Monday, 9 May 2011

Pilot Me: Will & Grace

I’ve been a bit unwell as of late, so I’ve neglecting blogging duties and such. But, I’m back with another episode of Pilot Me wherein we look at the pilot episodes of television shows and assess their journey.
Just recent Nathaniel (of The Film Experience) was saying how strange it is watching current sitcoms with laugh-tracks and while thinking of how much I agree with the sentiment I couldn’t help but think of those 90s sitcoms. The 90s, for me, seem to be the era of the half-hour primetime sitcom (Friends, Frasier, Everybody Loves Raymond, 3rd Rock from the Sun, Mad About You) and though it’s Friends that would top my personal list I feel a bigger affinity for the pilot of Will & Grace.

I caught two new shows this season Boardwalk Empire and The Big C but it wasn’t until they had finished their entire season that I made a point of checking them out, so I’d already had a vague notion of what they were about. I can’t remember if audiences knew that Will & Grace was about a gay man and a straight woman or not because the pilot opens with that concept of Will and Grace as a coupe – something the entire series kept referring to.
I love that first opening shot of the apartment building. Those external shots make me feel so nostalgic, they immediately move inside to the conversation.
Will: “What are you doing?”
Grace: “Hanging out.”
Will: “Come over.”
Grace: “Will...I can’t.”
Will: “Come on, Grace. You know you want to.”
Grace: “Of course I want to, but –”
Will: “It’s gonna be a good one. I can feel it.”
Grace: “It’s always good. Still, hmm-hmm”
Will: “If you’re not gonna come over you want me to – talk you through it?”
 Grace: “It’s tempting, but I think I can watch ER here.”
Remember how all those 90s comedies used to make use of that same concept, leading us into a direction and turning it into something else – hence the comedy? And yet, it never used to feel tired and hackneyed. I love the self-referential nature of NBC here where the two are watching another NBC show ER. Remember when that was a monster hit on the television?
When I think of Will & Grace retrospectively the shining light that is Karen Walker hogs my memories so that I tend to forget how good the rest of the cast is. True, Will and Grace are not as kookily dynamic as Jack and Karen but their bond is a beautiful thing to watch – hence the title. Of course, despite the title it’s all about the quartet so it’s not long before we’re introduced to the incomparable Jack McFarlane.
Regardless of actual opinion on the character, Hayes performance is faultless. He’s such a good actor here, and I love Jack when he’s in his “Broadway” register (which, to be honest, is most of the time). I love how he’s singing “A Room Without Windows” all accompanied by his ridiculous antics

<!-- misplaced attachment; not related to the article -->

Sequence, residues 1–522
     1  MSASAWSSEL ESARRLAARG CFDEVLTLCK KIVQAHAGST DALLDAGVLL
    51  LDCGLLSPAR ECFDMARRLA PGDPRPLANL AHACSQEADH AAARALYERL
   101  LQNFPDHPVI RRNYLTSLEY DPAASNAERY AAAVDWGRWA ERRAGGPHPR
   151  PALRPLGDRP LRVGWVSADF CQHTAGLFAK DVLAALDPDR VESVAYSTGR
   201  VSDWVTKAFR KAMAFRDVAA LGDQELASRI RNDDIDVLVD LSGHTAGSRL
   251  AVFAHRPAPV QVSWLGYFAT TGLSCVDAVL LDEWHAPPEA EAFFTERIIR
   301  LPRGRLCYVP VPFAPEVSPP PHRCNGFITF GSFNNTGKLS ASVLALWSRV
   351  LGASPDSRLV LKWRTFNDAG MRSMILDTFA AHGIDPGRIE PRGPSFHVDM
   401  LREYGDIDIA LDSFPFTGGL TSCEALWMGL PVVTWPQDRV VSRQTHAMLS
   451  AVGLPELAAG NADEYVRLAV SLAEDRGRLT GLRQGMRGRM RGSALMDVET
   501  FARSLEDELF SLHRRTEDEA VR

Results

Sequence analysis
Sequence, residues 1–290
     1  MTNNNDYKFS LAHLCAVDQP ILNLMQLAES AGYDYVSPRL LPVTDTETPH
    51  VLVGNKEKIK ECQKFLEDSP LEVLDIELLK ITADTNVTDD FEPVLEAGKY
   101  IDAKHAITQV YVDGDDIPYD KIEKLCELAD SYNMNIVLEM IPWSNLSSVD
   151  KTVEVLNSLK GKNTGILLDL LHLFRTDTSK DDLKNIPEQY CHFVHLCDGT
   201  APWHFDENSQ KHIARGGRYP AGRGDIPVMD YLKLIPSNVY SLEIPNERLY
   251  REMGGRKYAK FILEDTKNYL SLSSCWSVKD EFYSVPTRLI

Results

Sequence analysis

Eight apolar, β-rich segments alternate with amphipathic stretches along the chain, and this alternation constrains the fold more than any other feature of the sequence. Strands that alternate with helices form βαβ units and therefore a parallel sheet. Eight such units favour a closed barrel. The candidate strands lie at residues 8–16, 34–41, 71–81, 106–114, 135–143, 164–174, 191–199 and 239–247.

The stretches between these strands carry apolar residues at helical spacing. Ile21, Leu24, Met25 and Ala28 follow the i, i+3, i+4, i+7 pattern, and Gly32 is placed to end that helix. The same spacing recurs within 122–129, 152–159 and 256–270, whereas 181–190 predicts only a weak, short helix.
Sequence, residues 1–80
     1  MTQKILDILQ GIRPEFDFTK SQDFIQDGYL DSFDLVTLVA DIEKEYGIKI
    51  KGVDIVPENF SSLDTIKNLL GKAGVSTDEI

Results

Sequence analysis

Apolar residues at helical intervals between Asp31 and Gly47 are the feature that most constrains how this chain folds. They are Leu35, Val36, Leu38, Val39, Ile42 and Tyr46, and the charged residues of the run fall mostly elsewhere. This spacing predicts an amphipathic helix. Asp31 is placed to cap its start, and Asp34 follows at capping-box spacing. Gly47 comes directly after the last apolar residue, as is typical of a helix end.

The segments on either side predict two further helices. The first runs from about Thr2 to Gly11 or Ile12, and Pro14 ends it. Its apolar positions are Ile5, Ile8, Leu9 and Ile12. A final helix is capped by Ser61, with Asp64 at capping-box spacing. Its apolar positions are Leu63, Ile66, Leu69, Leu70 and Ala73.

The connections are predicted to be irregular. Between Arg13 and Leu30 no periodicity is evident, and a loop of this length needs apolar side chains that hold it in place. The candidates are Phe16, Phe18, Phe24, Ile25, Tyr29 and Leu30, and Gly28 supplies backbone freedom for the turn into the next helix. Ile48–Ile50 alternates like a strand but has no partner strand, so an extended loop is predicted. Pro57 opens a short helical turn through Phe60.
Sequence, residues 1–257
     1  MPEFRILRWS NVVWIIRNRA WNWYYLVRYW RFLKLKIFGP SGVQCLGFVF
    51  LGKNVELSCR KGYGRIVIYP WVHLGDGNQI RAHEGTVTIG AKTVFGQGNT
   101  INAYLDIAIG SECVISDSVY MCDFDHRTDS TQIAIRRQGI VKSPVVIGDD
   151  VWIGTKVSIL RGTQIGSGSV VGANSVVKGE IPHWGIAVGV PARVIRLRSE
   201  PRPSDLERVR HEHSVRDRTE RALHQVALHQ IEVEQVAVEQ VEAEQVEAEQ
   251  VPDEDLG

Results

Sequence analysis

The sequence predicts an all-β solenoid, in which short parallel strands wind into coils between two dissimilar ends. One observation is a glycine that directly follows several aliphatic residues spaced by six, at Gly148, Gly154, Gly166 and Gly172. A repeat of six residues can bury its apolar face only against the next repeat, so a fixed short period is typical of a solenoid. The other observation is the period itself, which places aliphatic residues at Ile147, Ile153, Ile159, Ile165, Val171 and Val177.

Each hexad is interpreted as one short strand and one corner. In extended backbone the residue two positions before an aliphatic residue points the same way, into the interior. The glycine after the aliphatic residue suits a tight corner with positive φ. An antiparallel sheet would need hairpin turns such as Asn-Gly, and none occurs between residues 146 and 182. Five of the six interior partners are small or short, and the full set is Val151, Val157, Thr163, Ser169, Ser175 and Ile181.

It’s weird, I remember Jack as being terribly flamboyant – and he is but Hayes is never annoyingly over-the-top. It’s as if he’s playing Jack with this steady trend of obliviousness like he doesn’t know how hilarious he is. The main arc of the episode concerns Grace’s engagement and almost wedding and it’s buttressed by Jack’s attempts to move into Will while his apartment gets painted.
I love that shot to the right, there. Jack and his bird – Guapo. It’s a theme that the rest of the series will assert, Will occasionally taking Jack for granted but even when they hit on these potential touchy issues the hilarity is stark.

Remember Harlan?
He didn’t return for the following seasons, but he was a constant in season 1 as Will’s major client.
But, what’s a Will & Grace memorial without Karen? Grace’s assistant, for no logical reasons. I love her entrance, just as Grace says “She feels working keeps her down to earth we meet this psycho...
Karen: “My driver had another bronchial incident, it was disgusting. I had to roll down the partition.”
No one is more clueless than Karen while still managing to retain semblance of wisdom, and Megan Mullally is just perfect here – like this titbit here, when Will tells Karen to let Grace fire her.
 Karen: “Grace, tell Will to redirect his anger at his mother where it belongs.”
Karen and Will have a volatile relationship, but I love seeing McCormack and Mullally together. I always wished they had more scenes together.

It’s all about setting up the series, like Will and Grace’s insane love for Pyramid
Or Karen’s terrible Spanish with Rosario
Grace’s engagement lasts all of ten minutes but as things go on this show, it’s all an excuse for the eponymous pair remember their love for each other.
That closing where Grace says how thankful she is for Will is always charming, just like the entire series. I miss the 90s.

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